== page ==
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ORNL's landmark accelerator completes a swan song series of experiments

  • The silo-shaped tower for the 25-megavolt Tandem Electrostatic Accelerator also serves as an ORNL landmark.

  • Physics Division staff members and retirees gather at a ceremony marking the March 31 conclusion of the tandem experiments. From left, Kate Jones, Sean Burcher, Robert Varner, Chang-Hong Yu, Elisa Romero-Romero and retirees Jim Beene, Greg McNeilly and Jim Ball.

  • The tandem set the record for the highest voltage ever produced by a man-made device during a 1979 test run: 32 million volts.

  • The silo-shaped tower for the 25-megavolt Tandem Electrostatic Accelerator also serves as an ORNL landmark.

  • Physics Division staff members and retirees gather at a ceremony marking the March 31 conclusion of the tandem experiments. From left, Kate Jones, Sean Burcher, Robert Varner, Chang-Hong Yu, Elisa Romero-Romero and retirees Jim Beene, Greg McNeilly and Jim Ball.

  • The tandem set the record for the highest voltage ever produced by a man-made device during a 1979 test run: 32 million volts.

May 9, 2016 – Oak Ridge National Laboratory's 25-megavolt Tandem Electrostatic Accelerator received an opportunity for one last hurrah in a series of experiments that ended in late March, nearly four years after the Holifield Radioactive Ion Beam (RIB) Facility at the Department of Energy national laboratory ceased operations.

The stand-alone tandem is housed in the silo-shaped tower that dominates the ORNL east campus skyline. It was reconfigured with the Oak Ridge Isochronous Cyclotron in the mid-1990s to the Holifield RIB Facility to produce radioactive ion beams with unique experimental capabilities, particularly for nuclear structure and astrophysics.

The RIB facility was placed in shutdown status in April 2012, which coincidentally marked ORIC's 50th year of operations. In the meantime the tandem has been operated on its own intermittently for targeted experiments during the disposition of the RIB facility.

Most recently the DOE Office of Science's Office of Nuclear Physics funded radioactive decay studies of fission products that are abundant during the nuclear fuel cycle.  The tandem accelerated protons onto a uranium-238 target; then the Physics Division researchers led by Krzysztof Rykaczewski and Robert Grzywacz studied the activated nuclei to obtain improved data on the processes occurring during a nuclear fuel cycle.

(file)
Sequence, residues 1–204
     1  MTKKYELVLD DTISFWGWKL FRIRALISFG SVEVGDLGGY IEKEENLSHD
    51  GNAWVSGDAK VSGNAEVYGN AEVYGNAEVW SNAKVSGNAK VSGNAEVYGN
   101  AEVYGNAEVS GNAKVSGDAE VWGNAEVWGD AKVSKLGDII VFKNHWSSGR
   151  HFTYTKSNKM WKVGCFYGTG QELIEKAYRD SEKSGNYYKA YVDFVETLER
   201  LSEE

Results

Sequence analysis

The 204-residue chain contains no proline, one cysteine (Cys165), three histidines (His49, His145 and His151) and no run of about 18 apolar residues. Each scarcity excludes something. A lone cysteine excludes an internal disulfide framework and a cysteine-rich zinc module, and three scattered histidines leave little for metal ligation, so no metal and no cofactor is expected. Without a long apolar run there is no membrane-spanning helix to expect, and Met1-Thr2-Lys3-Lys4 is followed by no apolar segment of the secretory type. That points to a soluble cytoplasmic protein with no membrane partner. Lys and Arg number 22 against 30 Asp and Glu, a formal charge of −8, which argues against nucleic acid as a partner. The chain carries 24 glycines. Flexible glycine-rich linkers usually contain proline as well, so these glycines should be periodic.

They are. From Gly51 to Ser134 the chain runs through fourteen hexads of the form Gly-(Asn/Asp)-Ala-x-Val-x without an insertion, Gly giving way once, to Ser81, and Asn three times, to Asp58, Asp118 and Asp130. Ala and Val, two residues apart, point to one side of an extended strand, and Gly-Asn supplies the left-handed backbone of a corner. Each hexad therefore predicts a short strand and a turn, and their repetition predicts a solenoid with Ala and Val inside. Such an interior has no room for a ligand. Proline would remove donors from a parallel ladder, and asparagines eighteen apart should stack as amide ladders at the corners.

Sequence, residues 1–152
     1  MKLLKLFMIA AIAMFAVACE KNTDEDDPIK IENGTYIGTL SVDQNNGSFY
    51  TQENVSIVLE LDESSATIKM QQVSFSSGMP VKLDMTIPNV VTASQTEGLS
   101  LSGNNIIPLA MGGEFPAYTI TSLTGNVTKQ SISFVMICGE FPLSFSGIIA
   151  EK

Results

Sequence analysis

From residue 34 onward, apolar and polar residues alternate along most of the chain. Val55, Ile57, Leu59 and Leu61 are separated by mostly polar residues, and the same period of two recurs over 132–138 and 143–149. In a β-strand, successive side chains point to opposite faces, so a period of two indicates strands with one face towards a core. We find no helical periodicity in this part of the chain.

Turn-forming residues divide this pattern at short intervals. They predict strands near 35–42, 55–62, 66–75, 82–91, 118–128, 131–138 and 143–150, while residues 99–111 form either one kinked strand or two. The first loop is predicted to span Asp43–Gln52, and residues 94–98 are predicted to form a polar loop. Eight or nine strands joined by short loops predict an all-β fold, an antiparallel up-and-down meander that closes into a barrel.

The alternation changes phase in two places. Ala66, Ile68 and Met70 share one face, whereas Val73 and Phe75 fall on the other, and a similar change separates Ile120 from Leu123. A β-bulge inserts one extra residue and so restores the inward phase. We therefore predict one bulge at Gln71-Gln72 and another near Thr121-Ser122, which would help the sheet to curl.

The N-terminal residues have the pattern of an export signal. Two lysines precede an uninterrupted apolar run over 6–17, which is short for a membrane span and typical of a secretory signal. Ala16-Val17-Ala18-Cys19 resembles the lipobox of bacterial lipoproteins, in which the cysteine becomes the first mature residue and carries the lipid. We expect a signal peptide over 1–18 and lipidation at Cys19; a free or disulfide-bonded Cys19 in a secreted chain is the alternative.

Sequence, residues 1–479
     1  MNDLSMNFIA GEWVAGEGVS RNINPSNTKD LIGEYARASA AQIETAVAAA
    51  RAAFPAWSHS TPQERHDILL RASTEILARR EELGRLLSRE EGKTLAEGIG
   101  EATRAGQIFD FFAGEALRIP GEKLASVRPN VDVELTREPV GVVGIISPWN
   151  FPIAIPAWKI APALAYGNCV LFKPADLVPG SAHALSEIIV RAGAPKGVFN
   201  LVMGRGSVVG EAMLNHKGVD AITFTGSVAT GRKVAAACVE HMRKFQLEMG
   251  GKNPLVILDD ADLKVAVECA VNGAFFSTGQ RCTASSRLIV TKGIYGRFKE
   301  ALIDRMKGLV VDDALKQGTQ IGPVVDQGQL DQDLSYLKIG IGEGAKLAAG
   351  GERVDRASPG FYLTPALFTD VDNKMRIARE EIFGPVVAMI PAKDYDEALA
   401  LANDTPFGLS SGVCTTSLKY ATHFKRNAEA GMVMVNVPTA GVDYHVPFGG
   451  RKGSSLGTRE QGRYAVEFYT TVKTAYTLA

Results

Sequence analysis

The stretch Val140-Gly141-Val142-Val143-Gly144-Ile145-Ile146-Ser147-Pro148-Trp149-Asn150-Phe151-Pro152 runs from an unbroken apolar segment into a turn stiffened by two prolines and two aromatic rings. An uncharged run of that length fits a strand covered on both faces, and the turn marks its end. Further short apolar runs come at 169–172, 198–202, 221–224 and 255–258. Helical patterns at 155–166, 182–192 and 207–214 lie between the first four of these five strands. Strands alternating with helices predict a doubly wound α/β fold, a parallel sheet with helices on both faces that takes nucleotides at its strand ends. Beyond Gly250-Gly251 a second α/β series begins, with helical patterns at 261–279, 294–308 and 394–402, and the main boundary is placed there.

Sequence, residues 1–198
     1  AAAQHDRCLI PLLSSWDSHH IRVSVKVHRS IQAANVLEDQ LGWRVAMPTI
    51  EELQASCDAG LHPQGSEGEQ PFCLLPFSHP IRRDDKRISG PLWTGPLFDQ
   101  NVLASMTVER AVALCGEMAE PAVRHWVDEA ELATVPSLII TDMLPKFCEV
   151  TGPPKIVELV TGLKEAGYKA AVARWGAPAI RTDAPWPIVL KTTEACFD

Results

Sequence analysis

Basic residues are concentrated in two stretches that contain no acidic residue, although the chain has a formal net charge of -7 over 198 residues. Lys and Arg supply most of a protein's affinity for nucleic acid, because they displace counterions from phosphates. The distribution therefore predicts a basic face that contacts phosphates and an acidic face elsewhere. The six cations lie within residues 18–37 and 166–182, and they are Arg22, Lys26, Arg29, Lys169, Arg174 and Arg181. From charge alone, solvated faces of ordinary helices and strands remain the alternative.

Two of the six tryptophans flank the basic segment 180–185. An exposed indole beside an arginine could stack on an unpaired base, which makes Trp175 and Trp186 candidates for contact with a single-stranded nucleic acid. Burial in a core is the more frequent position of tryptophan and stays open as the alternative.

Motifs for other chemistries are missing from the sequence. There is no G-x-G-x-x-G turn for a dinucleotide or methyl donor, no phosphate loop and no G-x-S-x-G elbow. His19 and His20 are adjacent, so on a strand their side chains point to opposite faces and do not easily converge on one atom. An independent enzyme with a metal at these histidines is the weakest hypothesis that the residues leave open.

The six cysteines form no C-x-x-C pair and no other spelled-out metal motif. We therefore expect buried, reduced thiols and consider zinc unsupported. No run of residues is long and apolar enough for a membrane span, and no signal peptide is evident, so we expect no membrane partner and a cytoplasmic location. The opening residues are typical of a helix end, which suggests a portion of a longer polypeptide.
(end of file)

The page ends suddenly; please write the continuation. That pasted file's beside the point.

Another series of tandem experiments that ended last September was aimed at improving detection technologies for nuclear safeguards. With the new nuclear data researchers around the world will have better detector technologies that, for example, can judge the amount of radiological materials in a sealed container.

"We'll publish these results. There are people who would like the new data now," the Physics Division's Michael Smith said.

Besides being an ORNL landmark, the tandem has been a record holder. It once generated an electrostatic voltage of 32 million volts during a 1979 test run, which still could be the highest voltage ever produced by a man-made device. The tandem could operate routinely above 20 million volts, the highest in the world, says Physics Division Accelerator Systems Group Leader Alan Tatum, and beam has been delivered for experiments as high as 25.5 million volts.

None of the experiments affected the ongoing shutdown activities of the RIB facility. With the conclusion of the last round of research in late March, the accelerator's pressurized sulfur hexafluoride gas, which acts as a high-voltage insulator, will be removed and the tandem will be dispositioned.

Physics Division staff marked the end of the tandem's recent run with a short ceremony on March 31.

“It was a bittersweet moment with the outstanding accelerator performance and world-class science being tempered by the reality that the tandem may have been operated for the last time,” Tatum said.

UT-Battelle manages ORNL for the DOE's Office of Science. The Office of Science is the single largest supporter of basic research in the physical sciences in the United States, and is working to address some of the most pressing challenges of our time. For more information, please visit http://science.energy.gov/.